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Notes: Torres’ Forecast, Sandoval and Situational Hitting

February 20, 2011

It feels really nice to finally have some free time.

Forecasting Andres Torres

I’ve noticed recently that projection systems just aren’t very high on Andres Torres.  If you’re familiar with the way forecasting systems work, it makes perfect sense- they weight multiple years of data (with the most recent year weighted the heaviest), regress to the mean (Marcel regresses to the mean of all non-pitchers as hitters; Oliver and CAIRO to the positional mean, and ZiPS and PECOTA to the players they compare best to historically) and add an aging factor.

Andres Torres doesn’t really have any of these things going for him.  He has relatively little Major League experience (1,025 PA- 740 of which came within the last two years; all previous PA occurred between 2002-2005), which means we have less to work with in terms of making an educated guess about his skill level.  This means we have to regress him more towards the mean, which means there is less certainty about his forecast; and, given that he is 33 years old, he doesn’t have much upside left to him (at least, based on standard aging factors).  These forecasts are completely unaware that Torres has revamped his swing entirely and is taking medication for ADHD.  And really, you can’t blame them for not knowing this.  Forecasting systems use the information that is available to them, and they have no clue as to when a player makes a mechanical adjustment or has a mental breakthrough of some sort.  This is why scouting is so imperative.

Another factor that has been bringing Torres’ projection down would have to be the appendicitis he dealt with in September.  Through August, Torres was hitting .284/.365/.502; a wOBA of .369, about 28% greater than the league average.  Torres hit .164/.188/.328 in 69 plate appearances in September and October, which dropped his overall line to .268/.343/.479, only ~15% above the average.  Correlation doesn’t equal causation, but it’s pretty clear from the reports and numbers that his major decline in the last two months of the season was most likely due to his health.  Believe it or not, this does affect his forecast.  I can’t speak for the advanced forecasters, but Marcel’s revised projection- if we exclude his last two months- changes from a .349 wOBA (.264/.337/.465) to .355 (.273/.349/.477).  That’s three runs per 600 plate appearances.  I know that might not seem like a lot, but it certainly says something about the sensitivity of a forecast.  Bottom line: take forecasts seriously, but know that they’re certainly fallible, especially in cases like this.  I would expect Torres to regress some in 2011, but not as severely as the forecasts expect him to.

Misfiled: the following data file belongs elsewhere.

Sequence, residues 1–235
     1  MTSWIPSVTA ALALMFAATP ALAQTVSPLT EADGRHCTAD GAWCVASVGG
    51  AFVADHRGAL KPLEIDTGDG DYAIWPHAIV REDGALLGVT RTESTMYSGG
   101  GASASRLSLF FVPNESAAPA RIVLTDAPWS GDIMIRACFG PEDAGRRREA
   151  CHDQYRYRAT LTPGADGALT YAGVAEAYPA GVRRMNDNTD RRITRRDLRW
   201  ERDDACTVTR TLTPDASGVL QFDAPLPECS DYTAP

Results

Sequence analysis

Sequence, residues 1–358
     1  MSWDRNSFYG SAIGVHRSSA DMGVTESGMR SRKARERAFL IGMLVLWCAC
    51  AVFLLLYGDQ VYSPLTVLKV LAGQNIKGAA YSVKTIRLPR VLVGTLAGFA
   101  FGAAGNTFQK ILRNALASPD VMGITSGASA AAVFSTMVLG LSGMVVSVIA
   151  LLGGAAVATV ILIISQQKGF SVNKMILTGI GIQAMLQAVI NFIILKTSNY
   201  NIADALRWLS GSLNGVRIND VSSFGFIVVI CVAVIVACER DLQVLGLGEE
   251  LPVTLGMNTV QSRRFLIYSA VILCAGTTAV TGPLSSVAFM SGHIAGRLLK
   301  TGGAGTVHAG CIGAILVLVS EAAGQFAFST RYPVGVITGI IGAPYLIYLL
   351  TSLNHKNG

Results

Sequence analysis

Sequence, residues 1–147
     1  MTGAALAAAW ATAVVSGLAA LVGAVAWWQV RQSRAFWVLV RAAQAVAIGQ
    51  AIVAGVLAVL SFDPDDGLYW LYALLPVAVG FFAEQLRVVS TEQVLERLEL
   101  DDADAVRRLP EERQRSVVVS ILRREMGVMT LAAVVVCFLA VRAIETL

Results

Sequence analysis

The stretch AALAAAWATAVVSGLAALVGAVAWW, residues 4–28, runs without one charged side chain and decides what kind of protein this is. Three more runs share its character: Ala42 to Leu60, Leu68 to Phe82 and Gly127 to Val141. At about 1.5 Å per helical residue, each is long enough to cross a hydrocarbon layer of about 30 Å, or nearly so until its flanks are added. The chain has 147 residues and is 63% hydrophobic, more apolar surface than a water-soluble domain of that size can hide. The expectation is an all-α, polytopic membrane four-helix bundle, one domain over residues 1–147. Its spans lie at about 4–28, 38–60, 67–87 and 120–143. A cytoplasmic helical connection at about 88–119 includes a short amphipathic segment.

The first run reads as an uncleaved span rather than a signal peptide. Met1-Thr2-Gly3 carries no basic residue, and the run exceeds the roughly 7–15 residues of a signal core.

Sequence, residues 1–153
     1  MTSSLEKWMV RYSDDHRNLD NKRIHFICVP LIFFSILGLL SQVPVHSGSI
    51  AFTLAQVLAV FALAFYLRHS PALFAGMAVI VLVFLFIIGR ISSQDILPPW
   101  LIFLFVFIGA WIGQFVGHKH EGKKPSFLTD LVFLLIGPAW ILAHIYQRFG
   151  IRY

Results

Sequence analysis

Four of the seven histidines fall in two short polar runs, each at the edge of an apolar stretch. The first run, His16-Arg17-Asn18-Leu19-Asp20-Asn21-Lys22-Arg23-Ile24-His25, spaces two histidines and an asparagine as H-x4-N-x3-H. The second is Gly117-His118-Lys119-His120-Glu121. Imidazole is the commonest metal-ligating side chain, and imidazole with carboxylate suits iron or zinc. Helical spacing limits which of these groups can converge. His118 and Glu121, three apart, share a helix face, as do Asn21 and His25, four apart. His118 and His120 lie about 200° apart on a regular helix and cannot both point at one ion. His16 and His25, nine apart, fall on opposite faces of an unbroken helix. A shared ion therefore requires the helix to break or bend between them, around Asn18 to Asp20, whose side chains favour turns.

Pablo’s (Hopeful) Reformation

Speaking of uncertainty in forecasts, Pablo Sandoval is perhaps the most difficult player in the Major Leagues to project.  Sandoval apparently weighed around 280 pounds at the end of last season.  Andrew Baggarly wrote a fantastic article on the matter today, and here are some of the highlights: